Warnings and Precautions

As with any medication for IBD, a gastroenterologist is going to be the best source for advice and understanding about personal risks when taking this drug because not every person has the same level of risk for adverse events. In the clinical trials for ulcerative colitis, some of the potential side effects were shown to occur more often with the 10 mg twice a day dosage versus the 5 mg twice a day dosage.

The medication guide for Xeljanz has a boxed warning regarding a risk of serious infections. In the eight week trials for patients with ulcerative colitis, there were more infections among those receiving the drug than those receiving the placebo.

In the 52 week trial, there were more infections, including shingles (herpes zoster), in the Xeljanz group than in the placebo group. Those considering Xeljanz to treat ulcerative colitis should speak with their gastroenterologist regarding the personal risk of these types of infections, in order to put it into the correct perspective. 

Prior to starting therapy with Xeljanz, people with ulcerative colitis should be tested for tuberculosis. There should also be regular monitoring for tuberculosis infection, even if the test came back negative for it.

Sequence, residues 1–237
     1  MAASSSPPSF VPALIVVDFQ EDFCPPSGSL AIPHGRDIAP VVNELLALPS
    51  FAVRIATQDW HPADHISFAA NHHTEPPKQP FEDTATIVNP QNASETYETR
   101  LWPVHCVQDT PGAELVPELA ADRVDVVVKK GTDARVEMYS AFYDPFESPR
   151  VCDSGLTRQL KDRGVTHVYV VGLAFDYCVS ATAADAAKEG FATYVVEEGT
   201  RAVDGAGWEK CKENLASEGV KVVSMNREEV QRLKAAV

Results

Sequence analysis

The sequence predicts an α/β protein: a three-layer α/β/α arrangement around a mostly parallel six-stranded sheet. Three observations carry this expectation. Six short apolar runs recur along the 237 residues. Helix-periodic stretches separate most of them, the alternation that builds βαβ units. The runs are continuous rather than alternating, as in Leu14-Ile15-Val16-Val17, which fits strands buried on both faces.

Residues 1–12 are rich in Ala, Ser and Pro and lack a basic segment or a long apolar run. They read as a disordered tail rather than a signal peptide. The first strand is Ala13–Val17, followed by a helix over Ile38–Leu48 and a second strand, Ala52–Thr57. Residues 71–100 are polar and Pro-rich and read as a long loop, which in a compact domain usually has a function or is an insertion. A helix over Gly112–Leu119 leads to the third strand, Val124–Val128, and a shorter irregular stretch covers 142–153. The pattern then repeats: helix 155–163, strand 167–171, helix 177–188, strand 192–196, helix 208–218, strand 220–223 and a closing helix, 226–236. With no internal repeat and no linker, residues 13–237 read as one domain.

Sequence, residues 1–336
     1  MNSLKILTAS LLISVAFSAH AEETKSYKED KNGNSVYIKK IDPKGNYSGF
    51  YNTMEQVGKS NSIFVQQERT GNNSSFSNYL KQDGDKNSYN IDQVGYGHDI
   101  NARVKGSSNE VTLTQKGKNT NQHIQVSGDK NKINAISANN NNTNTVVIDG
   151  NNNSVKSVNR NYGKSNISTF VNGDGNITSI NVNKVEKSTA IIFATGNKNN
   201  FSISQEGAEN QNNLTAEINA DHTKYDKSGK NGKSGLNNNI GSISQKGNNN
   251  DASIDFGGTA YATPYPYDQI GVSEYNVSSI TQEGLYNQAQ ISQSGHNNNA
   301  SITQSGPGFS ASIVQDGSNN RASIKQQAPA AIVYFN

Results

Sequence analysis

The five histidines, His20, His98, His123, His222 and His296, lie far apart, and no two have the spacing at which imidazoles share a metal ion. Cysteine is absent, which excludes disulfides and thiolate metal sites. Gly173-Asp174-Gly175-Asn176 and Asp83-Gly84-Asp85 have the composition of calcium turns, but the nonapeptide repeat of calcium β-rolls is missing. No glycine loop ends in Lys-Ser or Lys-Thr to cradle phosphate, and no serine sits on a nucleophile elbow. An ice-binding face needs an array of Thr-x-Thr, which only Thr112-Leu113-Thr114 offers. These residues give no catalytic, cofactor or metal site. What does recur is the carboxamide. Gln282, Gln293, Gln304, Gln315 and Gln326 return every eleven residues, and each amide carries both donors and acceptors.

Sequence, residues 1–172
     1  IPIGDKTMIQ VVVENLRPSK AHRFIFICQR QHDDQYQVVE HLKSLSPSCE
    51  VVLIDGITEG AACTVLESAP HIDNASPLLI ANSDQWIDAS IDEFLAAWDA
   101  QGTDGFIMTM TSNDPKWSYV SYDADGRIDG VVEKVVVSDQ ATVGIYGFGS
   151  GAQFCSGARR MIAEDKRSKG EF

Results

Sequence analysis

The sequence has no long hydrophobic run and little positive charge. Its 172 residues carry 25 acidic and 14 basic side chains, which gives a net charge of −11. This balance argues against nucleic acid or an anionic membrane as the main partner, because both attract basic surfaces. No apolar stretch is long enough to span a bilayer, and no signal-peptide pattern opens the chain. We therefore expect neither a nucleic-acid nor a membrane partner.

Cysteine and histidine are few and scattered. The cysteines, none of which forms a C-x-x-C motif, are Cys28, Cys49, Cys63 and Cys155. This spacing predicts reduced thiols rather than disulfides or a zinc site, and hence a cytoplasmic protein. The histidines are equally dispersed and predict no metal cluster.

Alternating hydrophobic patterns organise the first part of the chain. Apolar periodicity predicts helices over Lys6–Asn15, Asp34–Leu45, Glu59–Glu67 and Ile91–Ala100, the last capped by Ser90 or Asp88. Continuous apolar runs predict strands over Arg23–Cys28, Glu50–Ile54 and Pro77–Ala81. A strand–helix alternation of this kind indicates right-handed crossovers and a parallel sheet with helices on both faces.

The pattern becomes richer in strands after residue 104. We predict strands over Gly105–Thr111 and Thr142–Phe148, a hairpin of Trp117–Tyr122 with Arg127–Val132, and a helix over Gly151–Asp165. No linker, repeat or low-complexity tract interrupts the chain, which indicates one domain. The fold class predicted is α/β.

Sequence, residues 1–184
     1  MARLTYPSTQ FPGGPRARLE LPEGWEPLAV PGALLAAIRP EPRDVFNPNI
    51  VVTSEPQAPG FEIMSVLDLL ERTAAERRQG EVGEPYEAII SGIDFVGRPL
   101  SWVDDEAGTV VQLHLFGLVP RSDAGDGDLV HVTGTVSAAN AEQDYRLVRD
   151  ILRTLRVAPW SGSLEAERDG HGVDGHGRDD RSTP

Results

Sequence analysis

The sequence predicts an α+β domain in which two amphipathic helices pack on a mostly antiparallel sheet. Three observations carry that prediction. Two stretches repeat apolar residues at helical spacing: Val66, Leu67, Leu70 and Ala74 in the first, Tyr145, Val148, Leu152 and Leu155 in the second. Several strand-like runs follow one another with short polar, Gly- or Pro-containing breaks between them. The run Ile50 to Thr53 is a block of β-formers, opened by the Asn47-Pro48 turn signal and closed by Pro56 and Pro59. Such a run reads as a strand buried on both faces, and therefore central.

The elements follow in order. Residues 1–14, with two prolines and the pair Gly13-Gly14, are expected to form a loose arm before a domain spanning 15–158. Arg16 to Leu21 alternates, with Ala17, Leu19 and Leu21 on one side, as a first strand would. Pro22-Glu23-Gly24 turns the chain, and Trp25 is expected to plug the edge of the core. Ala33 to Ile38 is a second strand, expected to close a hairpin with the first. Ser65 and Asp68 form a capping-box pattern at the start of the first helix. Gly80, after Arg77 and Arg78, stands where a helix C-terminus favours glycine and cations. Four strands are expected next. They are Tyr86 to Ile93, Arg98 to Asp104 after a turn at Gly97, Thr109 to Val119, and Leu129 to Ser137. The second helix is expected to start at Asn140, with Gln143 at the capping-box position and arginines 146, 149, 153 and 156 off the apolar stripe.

Xeljanz was associated with an increase in cholesterol levels in the trials for ulcerative colitis, although to a lesser degree than in trials for arthritis. It’s important to discuss this potential adverse effect with a gastroenterologist in order to better understand if cardiovascular health is an important consideration when taking this medication.

There was an increase in cases of non-melanoma skin cancer among those taking Xeljanz versus those receiving placebo in clinical trials. This has not been well-studied and so it’s unclear how much of the risk is from the underlying ulcerative colitis versus from the medication. All people with ulcerative colitis should be regularly monitored for skin cancer and should take precautions against too much sun exposure.

Effectiveness

Xeljanz was studied in three phase 3, randomized, double-blind, placebo-controlled trials in people with ulcerative colitis (OCTAVE Induction 1, OCTAVE Induction 2, and OCTAVE Sustain). The goal of the trials was to determine what percentage of those enrolled in the trial would experience remission from the ulcerative colitis. Whether or not remission occurred was decided through the use of the Mayo Score.